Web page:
|Fix this: Cameron is no King Cnut|
Farmers have complained that with crops submerged now for three weeks or more, their produce will be rotting in the ground and with a number of sewage planets, septic tanks and silage stores breached, there is a growing risk of water-borne disease affecting both humans and animals. It is a major public crisis, though so far treated with rather casual equanimity by a Government that seems rather perplexed by the series of unfortunate events. The army was promised as a rescue agency, only to be withdrawn before it started any work, and the burden has shifted back to local councils and agencies reeling from financial cuts imposed by the Coalition parties - both of whom have significant numbers of MPs in the south-west.
The ending of dredging of rivers, a move actually taken under the last Labour Government, has been criticised by some as the cause of the flooding, but environmentalists and meteorologists have stressed that the levels of rainfall have been such that had the process still been in place, it would have made very little difference - and indeed conceivably have made it worse by speeding the flow of water from catchment areas into river channels. The fact is that nature has overwhelmed the human-made defences and would have in almost any case - for example, a bus was swept off the road today in Pembrokeshire by a twenty feet high wave; it is difficult to envisage any feasible defence that could have been created against such a phenomenon.
And this perhaps is the hardest message of all that stems from this disaster - but it is one we will hear more and more in the future, and one which politicians and the public alike really need to get their heads around: as global warming takes hold, there are no technical fixes for what is coming.
Some years ago, at a seminar held by a leading social "think tank", I listened to a very coherent and dramatic presentation on the future impact of climate change, especially in that the areas most likely to be most affected in the first instance in this country and elsewhere would be zones of social deprivation. As with so much, the poor will suffer most first.
A question came from the audience, from someone who had been a senior civil servant. She acknowledged the devastating effects outlined by the speaker. "So, what are the steps we need to take to mitigate them?" And she went on to ask about - flood defences, food stores and supplies of breathing masks (a la Beijing).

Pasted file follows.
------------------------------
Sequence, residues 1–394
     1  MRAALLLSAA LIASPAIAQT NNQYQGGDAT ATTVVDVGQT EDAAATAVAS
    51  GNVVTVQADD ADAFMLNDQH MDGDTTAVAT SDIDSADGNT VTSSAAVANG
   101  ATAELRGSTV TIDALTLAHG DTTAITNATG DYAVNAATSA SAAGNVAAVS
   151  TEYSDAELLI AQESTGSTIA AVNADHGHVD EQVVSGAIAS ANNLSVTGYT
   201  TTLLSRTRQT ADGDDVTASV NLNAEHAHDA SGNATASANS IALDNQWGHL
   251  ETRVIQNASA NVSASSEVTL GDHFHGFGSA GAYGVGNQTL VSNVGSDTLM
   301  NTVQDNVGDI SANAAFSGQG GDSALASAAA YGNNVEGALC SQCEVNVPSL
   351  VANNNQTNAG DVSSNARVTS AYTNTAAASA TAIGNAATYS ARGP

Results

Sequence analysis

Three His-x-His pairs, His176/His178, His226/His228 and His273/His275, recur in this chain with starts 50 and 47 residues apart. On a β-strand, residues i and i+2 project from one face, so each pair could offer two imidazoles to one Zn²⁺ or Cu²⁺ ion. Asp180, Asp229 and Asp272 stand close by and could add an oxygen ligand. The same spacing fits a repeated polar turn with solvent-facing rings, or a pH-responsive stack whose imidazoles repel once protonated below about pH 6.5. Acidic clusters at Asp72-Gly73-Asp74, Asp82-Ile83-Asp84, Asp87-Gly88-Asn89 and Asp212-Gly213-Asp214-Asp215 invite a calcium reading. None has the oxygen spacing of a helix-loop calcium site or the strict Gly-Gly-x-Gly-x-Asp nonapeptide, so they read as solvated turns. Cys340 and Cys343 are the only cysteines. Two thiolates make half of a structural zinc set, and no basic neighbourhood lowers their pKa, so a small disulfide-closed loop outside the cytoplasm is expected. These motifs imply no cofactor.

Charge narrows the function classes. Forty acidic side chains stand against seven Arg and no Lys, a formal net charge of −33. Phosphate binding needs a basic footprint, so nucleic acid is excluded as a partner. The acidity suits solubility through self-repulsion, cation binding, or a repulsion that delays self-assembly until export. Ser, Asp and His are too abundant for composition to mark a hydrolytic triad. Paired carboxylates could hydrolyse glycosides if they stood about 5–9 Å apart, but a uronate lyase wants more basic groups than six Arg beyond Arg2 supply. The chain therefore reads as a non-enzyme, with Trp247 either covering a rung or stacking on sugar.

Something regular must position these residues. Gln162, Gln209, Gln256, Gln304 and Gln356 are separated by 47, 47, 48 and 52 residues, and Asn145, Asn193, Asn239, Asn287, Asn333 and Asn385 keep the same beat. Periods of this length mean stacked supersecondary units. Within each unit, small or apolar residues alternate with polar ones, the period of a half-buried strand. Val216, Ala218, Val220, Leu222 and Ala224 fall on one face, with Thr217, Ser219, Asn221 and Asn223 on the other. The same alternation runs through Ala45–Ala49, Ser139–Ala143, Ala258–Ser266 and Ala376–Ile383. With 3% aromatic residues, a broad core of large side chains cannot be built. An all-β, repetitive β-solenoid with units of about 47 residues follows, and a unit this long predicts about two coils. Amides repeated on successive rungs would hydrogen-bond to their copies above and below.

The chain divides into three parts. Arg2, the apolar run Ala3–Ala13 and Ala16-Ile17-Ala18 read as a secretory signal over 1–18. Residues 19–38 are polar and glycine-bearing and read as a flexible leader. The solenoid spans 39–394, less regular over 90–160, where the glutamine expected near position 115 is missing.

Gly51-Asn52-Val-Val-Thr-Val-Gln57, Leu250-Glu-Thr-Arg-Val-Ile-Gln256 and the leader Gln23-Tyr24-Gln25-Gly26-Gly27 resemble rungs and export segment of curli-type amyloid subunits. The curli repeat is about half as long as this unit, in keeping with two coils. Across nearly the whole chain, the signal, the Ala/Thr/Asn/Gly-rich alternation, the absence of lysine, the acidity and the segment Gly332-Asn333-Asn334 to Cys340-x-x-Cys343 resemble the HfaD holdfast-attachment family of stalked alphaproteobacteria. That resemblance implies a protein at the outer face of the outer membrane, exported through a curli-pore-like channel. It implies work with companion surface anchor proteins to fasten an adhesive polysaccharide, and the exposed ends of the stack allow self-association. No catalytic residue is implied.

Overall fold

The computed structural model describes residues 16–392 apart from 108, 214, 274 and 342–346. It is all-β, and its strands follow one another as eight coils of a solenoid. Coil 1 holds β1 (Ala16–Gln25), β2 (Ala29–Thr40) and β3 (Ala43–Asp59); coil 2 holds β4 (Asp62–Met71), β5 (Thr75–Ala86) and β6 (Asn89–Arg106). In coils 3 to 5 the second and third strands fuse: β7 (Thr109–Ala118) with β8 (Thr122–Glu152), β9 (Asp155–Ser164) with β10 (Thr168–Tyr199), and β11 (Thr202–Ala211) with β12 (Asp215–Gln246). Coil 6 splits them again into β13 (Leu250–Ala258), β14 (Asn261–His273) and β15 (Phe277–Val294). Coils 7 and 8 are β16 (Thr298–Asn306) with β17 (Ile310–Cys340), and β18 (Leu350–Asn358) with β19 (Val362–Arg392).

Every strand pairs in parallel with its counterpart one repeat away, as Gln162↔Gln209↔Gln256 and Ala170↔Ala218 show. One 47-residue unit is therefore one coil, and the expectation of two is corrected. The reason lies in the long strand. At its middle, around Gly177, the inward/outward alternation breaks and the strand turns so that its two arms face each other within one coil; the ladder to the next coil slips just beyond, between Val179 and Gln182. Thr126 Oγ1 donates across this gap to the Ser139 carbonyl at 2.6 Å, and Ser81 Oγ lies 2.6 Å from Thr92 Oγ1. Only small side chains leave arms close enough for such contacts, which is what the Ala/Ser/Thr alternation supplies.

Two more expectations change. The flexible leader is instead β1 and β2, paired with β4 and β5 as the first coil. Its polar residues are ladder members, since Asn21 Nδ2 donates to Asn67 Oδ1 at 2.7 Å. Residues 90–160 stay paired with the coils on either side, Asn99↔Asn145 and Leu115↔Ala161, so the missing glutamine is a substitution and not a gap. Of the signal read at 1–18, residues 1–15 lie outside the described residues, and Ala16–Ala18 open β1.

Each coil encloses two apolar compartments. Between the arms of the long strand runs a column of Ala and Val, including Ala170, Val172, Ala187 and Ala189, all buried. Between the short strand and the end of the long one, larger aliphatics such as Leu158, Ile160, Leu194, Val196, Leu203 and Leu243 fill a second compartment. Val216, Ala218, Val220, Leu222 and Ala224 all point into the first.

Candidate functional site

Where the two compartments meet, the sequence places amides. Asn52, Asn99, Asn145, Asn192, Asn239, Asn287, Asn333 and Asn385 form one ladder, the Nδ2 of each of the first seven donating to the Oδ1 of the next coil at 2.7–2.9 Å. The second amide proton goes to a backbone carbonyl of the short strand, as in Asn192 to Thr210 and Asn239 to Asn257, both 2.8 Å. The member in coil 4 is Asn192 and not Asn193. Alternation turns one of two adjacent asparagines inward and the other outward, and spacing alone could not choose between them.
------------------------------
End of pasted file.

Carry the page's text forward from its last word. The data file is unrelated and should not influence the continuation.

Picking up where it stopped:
And this is where our elite, our political class, business barons and bureaucrats are betrayed by their own hubris and ignorance of the severe global crisis we face. Flooding? Build a wall. Extreme temperatures in inner London? Install more air conditioning. Too much carbon emissions from cars, planes, industry? Let's invent carbon capture and storage, somehow, one day... And so on.
It is the same mentality that seriously considers seeding the seas with iron filaments to stimulate photoplankton as a carbon sink; or placing solar reflector satellites in orbit to reflect the sunlight away from the earth to make up for the loss of the albedo effect from the melting of the icecaps and Siberian permafrost. Rather than consider how we are unravelling the threads of our biosphere with our inter-related addictions to carbon fuels, growth and capitalist competition, the thinking is we can go on our merry way as before and somehow find a way to engineer a "fix" with carbon capture or radioactive energy.
It resolutely refuses to contemplate the truth revealed by these floods: that ultimately we are at Nature's mercy and while there is no doubt we can ruin it for ourselves and other species, no amount of scientific genius, financial investment or emergency planning will ever grant as imperfect a creature as homo sapiens the ability to "manage" the Earth. Ending use of carbon and planting millions of trees will have a lot more to do with a solution than expensive, ineffective and in many cases still uninvented "mitigation technology". But of course, it is dependence on such large scale technologies and carbon energy that perpetuates the economic and political power of the global elite - at huge risk to all of us.
|Cnut: the King knew his limits.|